2. This article is pretty transparent in providing more of your opinion than any real fact. You seem to simply be bashing soylent to gain affiliate sales, and don’t really have an actual point here. I mean, how could any self-respecting person link to Joseph Mercola and expect to be taken seriously?

    • It’s absolutely my opinion — based on facts. It’s a fact that growing soy at the rate we do in this country is terrible for the environment, and it’s my opinion that a company that claims to be eco-friendly yet has soy as the main ingredient is missing the mark. It’s a fact that soy contains phytoestrogens that could disrupt your hormones and it’s my opinion that you shouldn’t consume it with abandon. It’s a fact that soy protein isolate is a very processed food, and again my opinion that processed foods aren’t ideal in any diet. It’s my blog, so I can state my opinion here. Funny how that works. I don’t quite understand how people like you engage with immediate aggression on someone else’s platform and expect to be taken seriously or to have any sort of respectful discourse about something that was meant to be a commentary — and yes, my opinion, hence the category it falls into on the blog: “Opinion.” Take your trolling somewhere else unless you’d like to act like an adult.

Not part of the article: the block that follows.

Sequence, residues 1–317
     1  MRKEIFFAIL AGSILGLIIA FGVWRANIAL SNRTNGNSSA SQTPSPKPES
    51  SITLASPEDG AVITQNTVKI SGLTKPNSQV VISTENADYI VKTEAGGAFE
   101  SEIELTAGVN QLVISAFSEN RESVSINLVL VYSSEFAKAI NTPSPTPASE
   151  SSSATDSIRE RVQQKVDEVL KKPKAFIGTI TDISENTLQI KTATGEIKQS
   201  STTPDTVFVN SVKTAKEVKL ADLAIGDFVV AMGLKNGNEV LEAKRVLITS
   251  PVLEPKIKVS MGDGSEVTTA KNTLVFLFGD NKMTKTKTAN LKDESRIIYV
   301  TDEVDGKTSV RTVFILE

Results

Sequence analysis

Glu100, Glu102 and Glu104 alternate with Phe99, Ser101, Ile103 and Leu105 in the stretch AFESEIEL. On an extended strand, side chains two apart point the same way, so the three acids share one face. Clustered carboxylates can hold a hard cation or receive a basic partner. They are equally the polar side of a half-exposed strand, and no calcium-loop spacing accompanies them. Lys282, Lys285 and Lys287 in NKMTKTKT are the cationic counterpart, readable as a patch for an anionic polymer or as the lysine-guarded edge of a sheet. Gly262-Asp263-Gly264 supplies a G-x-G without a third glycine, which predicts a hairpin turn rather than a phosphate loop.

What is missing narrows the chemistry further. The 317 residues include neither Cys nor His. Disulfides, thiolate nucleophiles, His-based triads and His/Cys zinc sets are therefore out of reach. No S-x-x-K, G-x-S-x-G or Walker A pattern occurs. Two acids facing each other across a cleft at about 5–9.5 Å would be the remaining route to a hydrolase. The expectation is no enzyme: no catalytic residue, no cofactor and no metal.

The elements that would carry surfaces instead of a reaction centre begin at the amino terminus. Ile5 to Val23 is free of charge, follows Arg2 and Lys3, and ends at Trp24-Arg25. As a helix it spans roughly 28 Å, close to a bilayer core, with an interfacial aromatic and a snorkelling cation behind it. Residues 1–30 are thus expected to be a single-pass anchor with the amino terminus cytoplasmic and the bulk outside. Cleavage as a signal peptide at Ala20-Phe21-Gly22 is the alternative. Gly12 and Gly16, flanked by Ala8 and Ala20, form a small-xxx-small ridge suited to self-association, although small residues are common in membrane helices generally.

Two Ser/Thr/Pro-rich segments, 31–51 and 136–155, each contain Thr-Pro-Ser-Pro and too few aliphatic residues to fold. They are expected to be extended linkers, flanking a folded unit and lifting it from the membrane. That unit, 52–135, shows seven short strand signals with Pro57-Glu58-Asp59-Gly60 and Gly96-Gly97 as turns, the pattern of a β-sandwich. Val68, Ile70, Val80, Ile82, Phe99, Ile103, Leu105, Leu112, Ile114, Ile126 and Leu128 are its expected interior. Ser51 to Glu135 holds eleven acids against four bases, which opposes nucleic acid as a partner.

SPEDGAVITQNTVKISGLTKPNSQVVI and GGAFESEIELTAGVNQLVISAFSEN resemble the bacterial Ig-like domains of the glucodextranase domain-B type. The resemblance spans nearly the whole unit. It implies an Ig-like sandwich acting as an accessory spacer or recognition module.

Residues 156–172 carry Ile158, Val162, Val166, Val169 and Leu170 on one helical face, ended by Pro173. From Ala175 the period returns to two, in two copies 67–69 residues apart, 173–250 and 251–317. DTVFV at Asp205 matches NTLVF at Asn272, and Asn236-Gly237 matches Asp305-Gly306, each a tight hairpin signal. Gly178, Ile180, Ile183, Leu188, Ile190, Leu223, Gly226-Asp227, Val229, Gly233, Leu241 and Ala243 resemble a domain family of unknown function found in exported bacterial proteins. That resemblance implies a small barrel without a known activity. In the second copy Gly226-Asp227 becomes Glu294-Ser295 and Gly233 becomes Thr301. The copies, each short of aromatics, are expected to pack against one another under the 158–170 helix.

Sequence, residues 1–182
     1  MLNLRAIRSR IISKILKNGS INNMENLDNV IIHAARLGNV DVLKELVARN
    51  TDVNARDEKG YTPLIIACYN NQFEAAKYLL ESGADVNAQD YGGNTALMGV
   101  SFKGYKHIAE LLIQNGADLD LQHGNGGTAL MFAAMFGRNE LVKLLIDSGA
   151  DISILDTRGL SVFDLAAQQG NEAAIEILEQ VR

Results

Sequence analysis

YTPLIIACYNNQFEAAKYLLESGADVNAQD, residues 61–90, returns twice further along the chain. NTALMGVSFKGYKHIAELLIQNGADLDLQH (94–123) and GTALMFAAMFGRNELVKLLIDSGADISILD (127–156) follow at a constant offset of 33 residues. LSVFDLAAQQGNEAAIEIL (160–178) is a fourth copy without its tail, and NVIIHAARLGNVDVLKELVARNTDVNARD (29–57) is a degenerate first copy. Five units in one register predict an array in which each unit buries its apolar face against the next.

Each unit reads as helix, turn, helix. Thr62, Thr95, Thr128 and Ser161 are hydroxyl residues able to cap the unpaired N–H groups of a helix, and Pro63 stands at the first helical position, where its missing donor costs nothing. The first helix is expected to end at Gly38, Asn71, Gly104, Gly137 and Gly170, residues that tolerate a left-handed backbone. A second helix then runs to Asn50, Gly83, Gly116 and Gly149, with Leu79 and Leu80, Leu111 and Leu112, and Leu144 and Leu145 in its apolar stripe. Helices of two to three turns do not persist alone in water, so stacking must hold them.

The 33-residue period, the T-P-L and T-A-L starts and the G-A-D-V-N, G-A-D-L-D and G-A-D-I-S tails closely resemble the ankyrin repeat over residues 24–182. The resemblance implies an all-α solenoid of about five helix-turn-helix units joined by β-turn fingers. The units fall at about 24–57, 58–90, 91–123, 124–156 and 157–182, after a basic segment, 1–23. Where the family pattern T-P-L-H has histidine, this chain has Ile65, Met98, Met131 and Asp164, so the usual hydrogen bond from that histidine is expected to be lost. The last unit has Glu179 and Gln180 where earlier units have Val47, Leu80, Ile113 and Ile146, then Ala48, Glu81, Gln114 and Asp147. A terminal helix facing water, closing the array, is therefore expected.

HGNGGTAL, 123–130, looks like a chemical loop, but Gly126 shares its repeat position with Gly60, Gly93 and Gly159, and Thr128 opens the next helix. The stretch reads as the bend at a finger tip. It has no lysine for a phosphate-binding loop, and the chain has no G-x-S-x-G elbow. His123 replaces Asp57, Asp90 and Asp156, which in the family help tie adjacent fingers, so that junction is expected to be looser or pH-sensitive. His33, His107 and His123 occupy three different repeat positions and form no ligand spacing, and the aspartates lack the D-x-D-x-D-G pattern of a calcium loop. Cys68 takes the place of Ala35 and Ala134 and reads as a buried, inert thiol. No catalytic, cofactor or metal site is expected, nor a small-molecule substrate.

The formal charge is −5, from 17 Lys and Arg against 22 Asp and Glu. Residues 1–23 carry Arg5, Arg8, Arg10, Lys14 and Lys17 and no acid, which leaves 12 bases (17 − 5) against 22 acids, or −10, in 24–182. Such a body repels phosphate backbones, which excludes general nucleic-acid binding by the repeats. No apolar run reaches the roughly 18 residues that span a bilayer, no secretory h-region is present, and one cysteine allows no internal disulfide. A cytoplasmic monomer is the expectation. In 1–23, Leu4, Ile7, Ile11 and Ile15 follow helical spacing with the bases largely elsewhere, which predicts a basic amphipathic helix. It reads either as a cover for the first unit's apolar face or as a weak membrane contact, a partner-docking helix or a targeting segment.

• Mercola? Really? All credibility lost.

        The science disagrees with you- at least majority of science. What “Nope” said wasn’t trolling, it was his/her opinion. Much better options- but none which offer the proper calorie amount.